And unfortunatly the ZT did not pass my Plastic Bottle Butt’s test ! It was blocked and even a saw motion did not change anything. The blade was stuck before to reach the thicker part. So I had to summon: the diamonds, the sandpaper and the ceramics and put on thinner edge on that beast of a knife.

wp-image-170153826 I have started with the diamonds of the Fallkniven DC4. It was not easy as I felt the thumb studs was going in the way. eventually I was able to de-shoulder the edge and even to scratch the blade. That “Hinderer flat-ground “slicer” grind” that should provide both slicing efficiency and a tough point was not easy to get at first. wp-image-908967677 Against the scratches I has used a P1000 Sandpaper and they were erased. No big deal. They have disappeared just but doing an 90° motion. I have treated all the blade for good measure. wp-image-737758906 Then came the work on the brown stone, the brown ceramic and the white ceramic. My edge was slowly going convexed. My favorite one for stropping. Soon CPM-20CV was back to razor. I was amazed by the way the steel react under the ceramic. It was much easier than I thought. I had the same excellent experience with my Southard.

Then came the leather work with some polish white paste and I was able to achieve a nice mirror finish. At all it took me one hour for thinning and polishing the edge to my own taste. wp-image-1937876634 wp-image-1775073832 True convex razor as the hairs were jumping on the blade.

It was time to test it on the Coke bottle butt again:

And this time it was a success ! The blade pushcuts steadily through the thick transparent plastic. And then on tomatoes skin which can be tricky with a polish edge.

Some mozarella slices… with its open construction it was a breeze to clean under the tap.

And eventually all the ingredients wre turned into a salad for lunch. Conclusion: the ZT0562CF is now in my pocket to be tested on a longer run but it already got such great qualities to make it a keeper: unearthy smooth operation, great ergos, best high tech materials and top notch steel. The thumb stud does not get in the way while cutting and the point is strong enough to feel confident about its resilience. The innovative deep carry clip makes it easy to disappear in the pocket. It’s the perfect adequation between hard working and gentleman folder. Now you can also check the Falcon here which is a true jewel in that flipping matter.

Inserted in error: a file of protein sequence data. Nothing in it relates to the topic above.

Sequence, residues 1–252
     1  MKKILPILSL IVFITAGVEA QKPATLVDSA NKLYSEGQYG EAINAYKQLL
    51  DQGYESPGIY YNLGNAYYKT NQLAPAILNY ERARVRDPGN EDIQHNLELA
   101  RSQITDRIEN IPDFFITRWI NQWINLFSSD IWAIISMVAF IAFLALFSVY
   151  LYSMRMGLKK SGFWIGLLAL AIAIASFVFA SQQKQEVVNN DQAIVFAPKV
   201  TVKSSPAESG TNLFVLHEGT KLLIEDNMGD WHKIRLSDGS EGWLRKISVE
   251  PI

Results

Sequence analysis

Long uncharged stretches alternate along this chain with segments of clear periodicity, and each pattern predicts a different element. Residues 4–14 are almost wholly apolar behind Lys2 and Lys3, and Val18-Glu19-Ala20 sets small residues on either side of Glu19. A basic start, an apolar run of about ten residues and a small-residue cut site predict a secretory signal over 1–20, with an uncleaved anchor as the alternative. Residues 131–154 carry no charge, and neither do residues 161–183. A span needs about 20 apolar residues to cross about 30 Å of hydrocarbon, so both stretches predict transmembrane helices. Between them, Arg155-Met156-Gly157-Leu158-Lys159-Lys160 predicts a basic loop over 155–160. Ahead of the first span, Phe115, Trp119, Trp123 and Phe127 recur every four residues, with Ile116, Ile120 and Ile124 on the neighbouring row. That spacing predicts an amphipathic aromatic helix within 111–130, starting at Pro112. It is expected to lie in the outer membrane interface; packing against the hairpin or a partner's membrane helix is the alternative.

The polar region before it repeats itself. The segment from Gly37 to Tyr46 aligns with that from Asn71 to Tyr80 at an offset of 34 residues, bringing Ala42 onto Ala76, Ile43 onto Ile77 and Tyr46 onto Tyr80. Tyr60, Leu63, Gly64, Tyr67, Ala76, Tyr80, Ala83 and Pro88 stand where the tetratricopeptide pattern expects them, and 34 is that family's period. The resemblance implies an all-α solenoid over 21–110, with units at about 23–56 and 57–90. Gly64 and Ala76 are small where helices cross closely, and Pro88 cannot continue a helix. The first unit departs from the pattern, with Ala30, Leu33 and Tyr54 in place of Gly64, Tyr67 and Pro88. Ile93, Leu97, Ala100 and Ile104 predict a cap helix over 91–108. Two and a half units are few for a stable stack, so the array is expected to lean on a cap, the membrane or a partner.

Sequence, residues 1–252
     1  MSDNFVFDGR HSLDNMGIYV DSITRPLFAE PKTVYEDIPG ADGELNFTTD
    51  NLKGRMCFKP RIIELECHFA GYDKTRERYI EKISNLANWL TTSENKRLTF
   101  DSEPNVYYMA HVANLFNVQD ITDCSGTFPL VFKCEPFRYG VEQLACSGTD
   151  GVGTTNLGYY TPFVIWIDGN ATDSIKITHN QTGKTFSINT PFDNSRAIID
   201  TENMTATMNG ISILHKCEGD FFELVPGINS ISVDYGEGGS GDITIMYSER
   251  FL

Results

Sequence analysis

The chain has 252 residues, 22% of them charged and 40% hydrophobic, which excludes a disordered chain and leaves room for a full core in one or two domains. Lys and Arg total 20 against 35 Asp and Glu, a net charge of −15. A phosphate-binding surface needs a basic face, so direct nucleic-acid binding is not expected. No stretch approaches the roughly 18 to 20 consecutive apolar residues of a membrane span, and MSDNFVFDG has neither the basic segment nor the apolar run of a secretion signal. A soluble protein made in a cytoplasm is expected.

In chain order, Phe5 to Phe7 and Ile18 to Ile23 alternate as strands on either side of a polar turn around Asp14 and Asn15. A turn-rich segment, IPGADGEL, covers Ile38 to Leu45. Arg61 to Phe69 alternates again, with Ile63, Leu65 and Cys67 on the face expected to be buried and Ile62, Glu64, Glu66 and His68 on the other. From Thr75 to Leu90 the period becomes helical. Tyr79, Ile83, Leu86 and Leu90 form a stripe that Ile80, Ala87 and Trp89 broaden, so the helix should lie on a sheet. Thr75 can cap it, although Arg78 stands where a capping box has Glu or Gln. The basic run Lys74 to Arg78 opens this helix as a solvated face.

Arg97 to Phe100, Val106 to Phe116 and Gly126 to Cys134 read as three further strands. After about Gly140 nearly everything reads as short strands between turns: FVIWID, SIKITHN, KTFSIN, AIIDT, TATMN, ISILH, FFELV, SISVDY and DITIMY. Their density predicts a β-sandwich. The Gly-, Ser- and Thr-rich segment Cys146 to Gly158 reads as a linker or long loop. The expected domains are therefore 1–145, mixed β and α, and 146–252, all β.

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Endura HAP40 blade and Pakkawood handle, sanded to my taste.

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The tools of the trade. Leather belts, sandpaper sheaths and coffee.
As usual I cannot let ma knife as provided by the factory and Pakkawood being a synthetic ersatz of wood, I wanted to see how it reacted under the sandpaper.

P500 Metal sandpaper is used just to round the facets into rounds. The Pakkawood is soft and it’s done without any kind of discoloration. It reacts a lot like Micarata. No smell.
Anyway I was holding my breath. Those dusts are unhealthy.

“If you have a buffing wheel, try polishing the wood handle – it buffs up beautifully with a XAM or green rouge compound.” said to me Howard Korn.

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Then I take the chance to sand the edge of the liners. It always great to feel an handle with not sharp edge. I have done also the same with the hole. I don’t want to chanfered it like on the AFCK but less edge makes my thumb safer. Remember, I was bite by the Tatanka hole once.

I have sand the spine to smooth it and then used some polish on leather to remove the sharpening scratches.
Eventually I have turn the Endura into a great razor which has be baptised with my blood for good measure. (I happen during the stropping…)